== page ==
Corporate footsoldiers pay the ultimate price
The deaths of two British hostages highlights the murky world of private security contractors, writes Kim Sengupta
Tuesday 23 June 2009
It was the deadliest of times in a particularly violent war with daily bombings and firefights. And it was showtime for private security companies. They were in huge demand and the money, with reputed earnings of $1,000 a day, made the job worthwhile despite the ever present danger. Those halcyon days in the aftermath ofthe invasion six years ago have gone for the industry in Iraq, with the presence of foreign forces coming to an end, and the scale of carnage receding a little. The pay rate has fallen steeply and with that the numbers who flock there to make a small fortune, quickly. There are still around 30,000 employed in the field, but only around 5,000 are now Western nationals.
The rules of engagement have also changed. The international private armies are no longer above the law, as they were under Paul Bremer, who as the "proconsul" of occupied Iraq gave the companies immunity from prosecution in local courts.
The catalyst for the security firms being made accountable under Iraqi laws was the Nisoor Square massacre in Baghdad. I was there when guards from the Blackwater firm opened fire on crowded streets, killing more than 17 people and injuring 40. The deaths forced the US administration to investigate. Six Blackwater guards were charged in America, the company lost a lucrative State Department contract and has now changed its name.
Robert Emerson, a security consultant who has worked in Iraq, stated: "The Blackwater shooting totally changed the ballgame in Iraq. When I first went there the lack of regulations was pretty startling and so were the fees some of the companies were charging clients. It is a hugely interesting and lucrative job. But one would think very hard about going there now with the prospect of possibly ending up before an Iraqi court. It would be wrong to equate most of the other contractors with Blackwater. They had a way of doing things which many others found uncomfortable. British companies tended to take a different approach."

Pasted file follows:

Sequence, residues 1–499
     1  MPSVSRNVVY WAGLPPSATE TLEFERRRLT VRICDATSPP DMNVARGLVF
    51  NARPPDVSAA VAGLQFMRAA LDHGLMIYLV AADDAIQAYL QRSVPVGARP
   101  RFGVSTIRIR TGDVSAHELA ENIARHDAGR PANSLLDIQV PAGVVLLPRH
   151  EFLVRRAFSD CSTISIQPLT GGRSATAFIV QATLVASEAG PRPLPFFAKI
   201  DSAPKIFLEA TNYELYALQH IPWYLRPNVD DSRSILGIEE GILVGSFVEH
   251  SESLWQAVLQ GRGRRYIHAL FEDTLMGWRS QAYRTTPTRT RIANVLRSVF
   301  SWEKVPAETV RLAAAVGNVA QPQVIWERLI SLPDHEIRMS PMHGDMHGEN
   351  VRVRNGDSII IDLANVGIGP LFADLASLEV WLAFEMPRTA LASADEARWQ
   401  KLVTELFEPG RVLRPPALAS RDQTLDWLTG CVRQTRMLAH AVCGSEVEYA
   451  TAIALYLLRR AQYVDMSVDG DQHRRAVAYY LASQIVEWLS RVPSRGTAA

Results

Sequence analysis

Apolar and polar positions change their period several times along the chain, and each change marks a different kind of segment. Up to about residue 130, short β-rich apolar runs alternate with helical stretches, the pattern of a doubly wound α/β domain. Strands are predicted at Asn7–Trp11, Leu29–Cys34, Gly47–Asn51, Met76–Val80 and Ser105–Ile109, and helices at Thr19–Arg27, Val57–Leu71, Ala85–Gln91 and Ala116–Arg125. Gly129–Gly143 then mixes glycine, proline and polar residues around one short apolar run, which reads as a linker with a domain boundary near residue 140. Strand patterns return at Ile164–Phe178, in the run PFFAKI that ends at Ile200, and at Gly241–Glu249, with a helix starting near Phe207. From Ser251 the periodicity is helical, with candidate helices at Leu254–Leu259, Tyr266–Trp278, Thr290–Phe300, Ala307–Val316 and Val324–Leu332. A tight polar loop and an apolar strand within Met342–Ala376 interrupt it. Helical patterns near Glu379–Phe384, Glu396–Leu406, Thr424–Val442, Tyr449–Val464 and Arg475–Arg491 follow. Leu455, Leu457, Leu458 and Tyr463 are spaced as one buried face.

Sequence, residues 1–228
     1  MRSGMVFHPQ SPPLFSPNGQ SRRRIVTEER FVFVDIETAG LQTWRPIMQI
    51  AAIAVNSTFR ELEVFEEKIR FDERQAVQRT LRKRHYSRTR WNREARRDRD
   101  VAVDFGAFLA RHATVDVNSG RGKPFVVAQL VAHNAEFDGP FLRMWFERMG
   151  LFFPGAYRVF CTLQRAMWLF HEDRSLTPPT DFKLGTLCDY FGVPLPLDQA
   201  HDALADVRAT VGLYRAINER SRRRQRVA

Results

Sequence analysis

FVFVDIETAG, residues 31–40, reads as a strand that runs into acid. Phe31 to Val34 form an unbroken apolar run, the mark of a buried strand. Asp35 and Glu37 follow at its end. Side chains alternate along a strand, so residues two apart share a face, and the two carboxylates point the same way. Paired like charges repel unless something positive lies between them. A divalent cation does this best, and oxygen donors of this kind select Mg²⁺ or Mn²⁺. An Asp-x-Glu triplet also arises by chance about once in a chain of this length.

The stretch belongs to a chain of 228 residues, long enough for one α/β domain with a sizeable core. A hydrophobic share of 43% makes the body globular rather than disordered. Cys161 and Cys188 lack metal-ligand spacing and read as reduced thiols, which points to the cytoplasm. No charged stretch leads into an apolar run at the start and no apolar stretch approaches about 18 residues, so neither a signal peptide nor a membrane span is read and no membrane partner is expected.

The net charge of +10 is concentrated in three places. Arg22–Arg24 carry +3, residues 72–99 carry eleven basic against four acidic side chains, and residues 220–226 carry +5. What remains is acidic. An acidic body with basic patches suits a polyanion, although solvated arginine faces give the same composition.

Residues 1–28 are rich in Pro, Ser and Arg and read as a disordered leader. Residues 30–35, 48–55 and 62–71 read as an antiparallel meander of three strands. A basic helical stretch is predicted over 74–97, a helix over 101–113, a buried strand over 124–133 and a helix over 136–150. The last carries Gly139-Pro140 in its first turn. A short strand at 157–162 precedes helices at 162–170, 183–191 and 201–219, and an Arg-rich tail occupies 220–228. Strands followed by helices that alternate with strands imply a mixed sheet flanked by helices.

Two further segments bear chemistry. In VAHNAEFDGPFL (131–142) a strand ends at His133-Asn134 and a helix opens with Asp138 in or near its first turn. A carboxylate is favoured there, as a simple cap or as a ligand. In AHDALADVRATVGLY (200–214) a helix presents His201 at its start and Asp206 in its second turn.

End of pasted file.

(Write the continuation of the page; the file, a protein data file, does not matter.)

The British companies have had a high share of security business in Iraq over the last five years, with contracts worth more than $1bn (£680m) – around one-sixth of the total US budget on private security. Seven UK firms were among the top 20 international companies in earnings in Iraq.
As well as Britons and Americans, the employees are, typically, South Africans, Australians, New Zealanders, Gurkhas, Fijians, and, recently, east Europeans. They have a uniform of wraparound sunglasses, Cargo pants and body armour over dark coloured sweatshirts and, of course, a variety of weaponry.
Most of the guards one meets are reasonable people coping with hazardous jobs. But there are also oddballs. You could have met some at the Mustafa Hotel in Kabul after the fall of the Taliban. An Irish bar had a former boxer as head barman, a dancing Osama bin Laden doll, bullet holes in the ceiling and men who lovingly cradled their guns and wore "shades" at night. The seats for drinking al-fresco were supposedly from Russian MiGs shot down by the Mujahedin. One evening a few of the men "liberated" a chimpanzee from the zoo and propped it up at the bar with an AK-47 rifle. After a while someone thought it prudent to take out the magazine.
Some of the regulars were bad, and possibly mad. One such was Jack Idema, who claimed to be ex-CIA, but was almost certainly a Walter Mitty. That did not stop him running his own "security company" and setting up an unofficial prison. He was later jailed for torturing suspected "terrorists".
When Jason Swindlehurst and Jason Cresswell and their colleagues Alan and Alec were kidnapped in central Baghdad, while on duty guarding IT consultant Peter Moore, also taken, the Nisoor Square killings were still four months away.
Mr Emerson, who was in Iraq at the time, said: "It was a shock. These guys were well-trained, knew what they were doing and still got taken. This shows the danger is always there. What has happened to the two guys is just terrible, let's hope the other three are alright."
Mark Shurben-Browne, a former soldier with the 2nd battalion, the Parachute Regiment, also spent an extensive amount of time in Iraq. "It is not a pleasant thought but they [security guards] need to accept the fact that they may not get back," he said. "They are doing jobs which get paid well, although nothing like some of the figures being bandied around. When I was in Iraq... we had people injured, people killed. But I have got to say it was also quite exciting and I felt I was doing something worthwhile. But... I have four children and I do not take unnecessary risks."